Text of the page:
shared spaces and media places

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WangYu Internet Cafe. Source

Distinct cultures can develop at all levels of society across a spectrum of macro to micro scale groups of people. I’m sure that when reflecting on your own circle of friends you’d likely notice unique traditions and behaviours between each other. Perhaps you have a weekly movie night, or maybe a shared, almost ‘secret code’-like vocabulary. What about your family? Or your co-workers? Could you find common experiences with the general population of your city?

Ethnography is a research discipline that aims to “provide rich, holistic insights into people’s views and actions” through the study of said cultural groups, communities, and organisations. One way to do some ethnographic research is through participant observation. In other words, immersing yourself in the culture while watching, listening, and reflecting on social interactions and behaviours (be sure to consider ethical research practices when doing so!). The desired outcome is a thick, qualitative data set that can be analysed and transformed into detailed descriptions of the studied group’s culture.

In my own circle of friends, I noticed an interesting correlation between our common interests, and the shared media space that is the “net cafe”, as we call it. At least once every couple of months, we all get together on a northbound train to Sydney and spend the day gaming side-by-side at an Internet Cafe. It’s worth noting that we all game regularly at home; we each own super PCs, our internet connections are (mostly) stable and satisfying, we can communicate over voice platforms like Discord. But, we still willingly pay the hefty hourly fees to use the Cafe computers in a place that is over an hour commute from home. Why?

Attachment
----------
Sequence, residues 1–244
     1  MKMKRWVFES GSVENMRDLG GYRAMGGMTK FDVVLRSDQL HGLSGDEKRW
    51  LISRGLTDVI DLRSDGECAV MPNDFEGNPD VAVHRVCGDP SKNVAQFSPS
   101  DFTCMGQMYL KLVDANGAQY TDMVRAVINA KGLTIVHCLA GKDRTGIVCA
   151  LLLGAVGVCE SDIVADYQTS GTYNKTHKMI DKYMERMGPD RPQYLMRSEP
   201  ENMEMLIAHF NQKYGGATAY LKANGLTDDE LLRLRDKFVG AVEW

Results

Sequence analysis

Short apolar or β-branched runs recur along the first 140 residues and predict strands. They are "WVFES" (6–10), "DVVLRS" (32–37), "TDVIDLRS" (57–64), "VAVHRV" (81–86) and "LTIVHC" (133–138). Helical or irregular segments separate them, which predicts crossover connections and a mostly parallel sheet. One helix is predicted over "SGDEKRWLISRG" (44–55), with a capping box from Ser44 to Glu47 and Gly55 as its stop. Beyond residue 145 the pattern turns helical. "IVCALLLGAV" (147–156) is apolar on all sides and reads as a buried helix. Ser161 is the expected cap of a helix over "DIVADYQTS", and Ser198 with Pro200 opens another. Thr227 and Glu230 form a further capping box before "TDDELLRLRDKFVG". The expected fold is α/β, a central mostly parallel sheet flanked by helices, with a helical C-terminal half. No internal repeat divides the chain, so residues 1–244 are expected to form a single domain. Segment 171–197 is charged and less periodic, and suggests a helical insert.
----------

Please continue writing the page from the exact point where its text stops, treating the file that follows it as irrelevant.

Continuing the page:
In reflecting upon this group tradition, I realised how environment and physical places can affect an overall cultural experience. The consensus among myself and my friends was that the general appeal of the net cafe was the “vibe”. It’s the fellow gamers passionately yelling as they play (usually in Mandarin), or the satisfying sense of comradery when you can win an exhilarating game together and turn away from your screens for a high-five, removing your headsets to debrief. Although the internet provides us the platforms for socialising and discussing common interests without limitations of location and distance, there’s something incredible about watching your passion come to life in a shared, physical space.

 

References

BMJ. (2008). Qualitative research methodologies: ethnography. The BMJ